Tag: Paris

The 400 Blows (Les Quatre Cents Coups)

The first of five semi-autobiographical François Truffaut films – also his debut – that star Jean-Pierre Léaud as Antoine Doinel, a young Parisian boy whose journey from neglected, mis-treated youth to juvenile petty criminal is profoundly moving and wonderfully acted. The opening sequence sets 1950s Paris up as a kind of playground, and it remains […]

0577 | À Bout De Souffle (Breathless)

[Note: this is the sixth film in my 2016 Blind Spot series. For a list of the other well-known or well-respected films I’ve already watched or I’m going to be watching for the first time this year, see this post.] When Jean-Luc Godard decided to make his feature-length debut Breathless in 1960, he famously turned […]

0555 | Fantômas

[Note: The 1913/1914 Fantômas serial by Louis Feuillade is actually a collection of five films ranging from 60 to 90 minutes in length, but I’m just posting one review here. For the record the five films I watched were Fantômas I: À l’ombre de la guillotine (Fantômas: In the Shadow of the Guillotine) (1913); Fantômas […]

0542 | Dheepan

Jacques Audiard’s latest caused a stir in 2015 when it won the Palme d’Or, with a number of critics suggesting the award should have gone to a more deserving film, Son Of Saul and The Assassin being the ones championed loudest. Dheepan‘s arrival on these shores has been met with general appreciation, though, even if […]

0537 | Du Rififi Chez Les Hommes (Rififi)

Often referred to as the finest heist movie ever made, Jules Dassin’s Rififi was developed while the American noir director was living in France, having found himself on the Hollywood blacklist a year or so earlier. Dassin came across Auguste Le Breton’s slang-filled crime novel of the same name, and though he was initially skeptical […]

0527 | Bastille Day

Alarm bells start to ring when one of the opening scenes in a modern crime film features a law enforcement agent receiving a dressing down from his superiors (because he’s reckless and insubordinate, of course, and his behaviour endangers the lives of others). Unfortunately this action thriller – directed by James Watkins (Eden Lake) and […]

0519 | Eden (Second Viewing)

Mia Hansen-Løve’s Eden was my favourite film of 2015 (and if you have the time and the inclination you can read my first review of it here), so re-watching it has been high on my agenda since I picked up the special featureless-DVD the other week. I enjoyed it nearly as much the second time […]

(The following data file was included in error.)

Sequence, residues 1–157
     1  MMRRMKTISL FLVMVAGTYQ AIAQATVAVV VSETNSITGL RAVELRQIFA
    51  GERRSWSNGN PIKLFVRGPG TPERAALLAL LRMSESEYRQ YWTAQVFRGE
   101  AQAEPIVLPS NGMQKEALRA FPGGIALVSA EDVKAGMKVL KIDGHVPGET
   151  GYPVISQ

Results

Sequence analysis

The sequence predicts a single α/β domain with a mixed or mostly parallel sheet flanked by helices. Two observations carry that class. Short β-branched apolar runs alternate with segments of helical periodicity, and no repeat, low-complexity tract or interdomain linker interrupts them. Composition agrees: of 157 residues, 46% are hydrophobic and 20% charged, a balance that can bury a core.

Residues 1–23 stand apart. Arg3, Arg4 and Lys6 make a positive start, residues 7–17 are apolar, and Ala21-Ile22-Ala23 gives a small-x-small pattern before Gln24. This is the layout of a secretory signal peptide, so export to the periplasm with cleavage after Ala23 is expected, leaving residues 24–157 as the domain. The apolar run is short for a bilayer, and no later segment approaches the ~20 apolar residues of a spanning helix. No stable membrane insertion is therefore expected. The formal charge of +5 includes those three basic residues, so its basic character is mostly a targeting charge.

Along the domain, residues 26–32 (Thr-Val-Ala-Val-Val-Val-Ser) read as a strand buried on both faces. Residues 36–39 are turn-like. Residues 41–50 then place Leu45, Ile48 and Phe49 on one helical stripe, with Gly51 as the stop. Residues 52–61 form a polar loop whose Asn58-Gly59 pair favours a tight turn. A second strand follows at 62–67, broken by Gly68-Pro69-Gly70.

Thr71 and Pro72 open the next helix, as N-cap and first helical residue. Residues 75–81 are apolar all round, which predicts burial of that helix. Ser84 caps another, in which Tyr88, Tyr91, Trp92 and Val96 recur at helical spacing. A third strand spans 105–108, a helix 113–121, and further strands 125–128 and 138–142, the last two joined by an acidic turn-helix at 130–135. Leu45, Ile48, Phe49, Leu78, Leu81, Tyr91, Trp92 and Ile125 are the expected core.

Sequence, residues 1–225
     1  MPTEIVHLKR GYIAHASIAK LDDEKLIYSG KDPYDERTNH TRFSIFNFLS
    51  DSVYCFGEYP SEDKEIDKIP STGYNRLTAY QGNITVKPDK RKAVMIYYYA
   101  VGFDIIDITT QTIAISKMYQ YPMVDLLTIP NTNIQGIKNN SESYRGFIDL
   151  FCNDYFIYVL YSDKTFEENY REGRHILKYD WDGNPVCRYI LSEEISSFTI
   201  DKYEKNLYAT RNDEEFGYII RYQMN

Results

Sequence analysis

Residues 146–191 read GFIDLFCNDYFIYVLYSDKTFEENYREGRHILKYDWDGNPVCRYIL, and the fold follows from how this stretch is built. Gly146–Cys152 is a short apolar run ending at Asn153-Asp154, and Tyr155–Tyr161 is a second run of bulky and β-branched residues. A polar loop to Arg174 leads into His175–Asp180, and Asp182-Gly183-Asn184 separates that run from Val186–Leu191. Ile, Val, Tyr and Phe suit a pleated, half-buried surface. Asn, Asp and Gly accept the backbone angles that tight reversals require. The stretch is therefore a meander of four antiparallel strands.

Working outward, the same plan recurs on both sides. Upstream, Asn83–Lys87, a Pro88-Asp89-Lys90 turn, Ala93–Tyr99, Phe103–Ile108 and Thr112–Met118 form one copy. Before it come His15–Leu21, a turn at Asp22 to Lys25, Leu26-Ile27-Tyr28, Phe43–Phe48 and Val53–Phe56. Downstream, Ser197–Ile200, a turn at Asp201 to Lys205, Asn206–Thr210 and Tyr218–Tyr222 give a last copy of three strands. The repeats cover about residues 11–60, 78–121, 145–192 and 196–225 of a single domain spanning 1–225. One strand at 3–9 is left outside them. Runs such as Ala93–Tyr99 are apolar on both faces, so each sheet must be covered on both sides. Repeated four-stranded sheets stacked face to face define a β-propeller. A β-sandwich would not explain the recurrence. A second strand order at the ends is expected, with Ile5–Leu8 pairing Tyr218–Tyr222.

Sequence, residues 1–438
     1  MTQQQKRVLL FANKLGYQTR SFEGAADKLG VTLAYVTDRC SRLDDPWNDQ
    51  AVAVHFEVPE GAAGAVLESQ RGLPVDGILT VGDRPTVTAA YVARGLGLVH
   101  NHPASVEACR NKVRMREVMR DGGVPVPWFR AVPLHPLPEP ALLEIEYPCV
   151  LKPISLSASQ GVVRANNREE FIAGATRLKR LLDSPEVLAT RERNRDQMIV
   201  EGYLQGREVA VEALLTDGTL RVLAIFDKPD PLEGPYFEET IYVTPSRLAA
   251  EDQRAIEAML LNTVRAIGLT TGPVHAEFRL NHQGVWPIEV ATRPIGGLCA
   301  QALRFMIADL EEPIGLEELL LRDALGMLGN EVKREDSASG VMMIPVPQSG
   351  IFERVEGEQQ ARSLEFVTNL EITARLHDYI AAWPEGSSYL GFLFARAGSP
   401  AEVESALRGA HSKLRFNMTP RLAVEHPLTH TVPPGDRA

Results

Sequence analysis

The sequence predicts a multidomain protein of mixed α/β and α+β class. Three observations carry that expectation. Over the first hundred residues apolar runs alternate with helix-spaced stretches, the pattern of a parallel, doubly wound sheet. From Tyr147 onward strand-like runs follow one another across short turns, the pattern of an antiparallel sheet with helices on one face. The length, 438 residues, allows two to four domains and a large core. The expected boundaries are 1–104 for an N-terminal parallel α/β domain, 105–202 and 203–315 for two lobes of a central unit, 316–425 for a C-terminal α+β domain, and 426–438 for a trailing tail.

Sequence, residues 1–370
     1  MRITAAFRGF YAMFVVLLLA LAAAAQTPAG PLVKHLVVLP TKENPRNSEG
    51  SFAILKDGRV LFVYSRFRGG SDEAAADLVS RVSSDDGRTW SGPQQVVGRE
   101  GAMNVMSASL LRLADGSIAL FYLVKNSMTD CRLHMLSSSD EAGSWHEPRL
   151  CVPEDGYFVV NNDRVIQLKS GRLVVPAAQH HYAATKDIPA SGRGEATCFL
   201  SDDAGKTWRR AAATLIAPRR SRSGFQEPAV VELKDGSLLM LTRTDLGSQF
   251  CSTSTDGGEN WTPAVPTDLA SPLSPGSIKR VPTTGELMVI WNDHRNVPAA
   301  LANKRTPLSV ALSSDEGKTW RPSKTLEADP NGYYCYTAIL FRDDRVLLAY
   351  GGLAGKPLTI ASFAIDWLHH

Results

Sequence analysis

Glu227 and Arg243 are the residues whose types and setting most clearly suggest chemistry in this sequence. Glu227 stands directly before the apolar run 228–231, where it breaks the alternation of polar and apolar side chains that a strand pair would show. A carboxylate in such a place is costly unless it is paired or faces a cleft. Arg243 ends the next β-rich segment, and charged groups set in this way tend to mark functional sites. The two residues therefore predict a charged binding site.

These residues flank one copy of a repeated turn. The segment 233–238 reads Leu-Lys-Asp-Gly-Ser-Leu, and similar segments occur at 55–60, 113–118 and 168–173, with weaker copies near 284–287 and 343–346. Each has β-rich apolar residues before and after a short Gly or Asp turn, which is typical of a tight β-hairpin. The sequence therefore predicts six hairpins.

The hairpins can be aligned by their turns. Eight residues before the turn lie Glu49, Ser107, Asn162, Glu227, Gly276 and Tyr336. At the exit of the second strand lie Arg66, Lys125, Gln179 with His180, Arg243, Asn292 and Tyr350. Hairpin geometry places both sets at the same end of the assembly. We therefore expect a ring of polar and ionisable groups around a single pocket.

0464 | Le Dernier Diamant (The Last Diamond)

This new release is the fifth film by French director Éric Barbier, but the first that I’ve seen. It’s a heist movie set in Paris and Antwerp, starring Yvan Attal as a safecracking jewel thief and Bérénice Bejo as the exhibitor / seller of a 137-carat diamond, and it spends a lot of time following […]

0333 | Eden

The fourth feature-length film by French director and screenwriter Mia Hansen-Løve is less a celebration of the church of dance – though it is at times a paean to clubbing and its inherent vices, particularly in the first of its two parts – and more a bittersweet tale about moderate success, moderate failure, gain and loss, spanning a period of twenty years and […]

0283 | Bande De Filles (Girlhood)

The international title of this film has made many think, quite naturally, of Richard Linklater’s Boyhood, and you could argue either way about this being or not being a counterpoint to 2014’s most praised American film. One thing’s for certain: a counterpoint was not the intention of director Céline Sciamma when she made this critically-lauded French indie, yet the question […]

0261 | Everyone Says I Love You

This entertaining mid-90s musical comedy was one of the late Roger Ebert’s favourite Woody Allen films. In his review at the time of release Ebert indicated that Everyone Says I Love You might actually be his number one, and although that view was seemingly tempered by a little distance, by 2001 he still considered it among the director’s finest. And, quite […]

0146 | La Haine (Hate)

When Mathieu Kassovitz’s brutal inner-city drama La Haine was released in 1995, the film’s reach extended beyond the usual confines of the cinema and its patrons. Alain Juppé, the French Prime Minister at the time, commissioned a special screening of the movie which all cabinet ministers were required to attend, and although the government announced that […]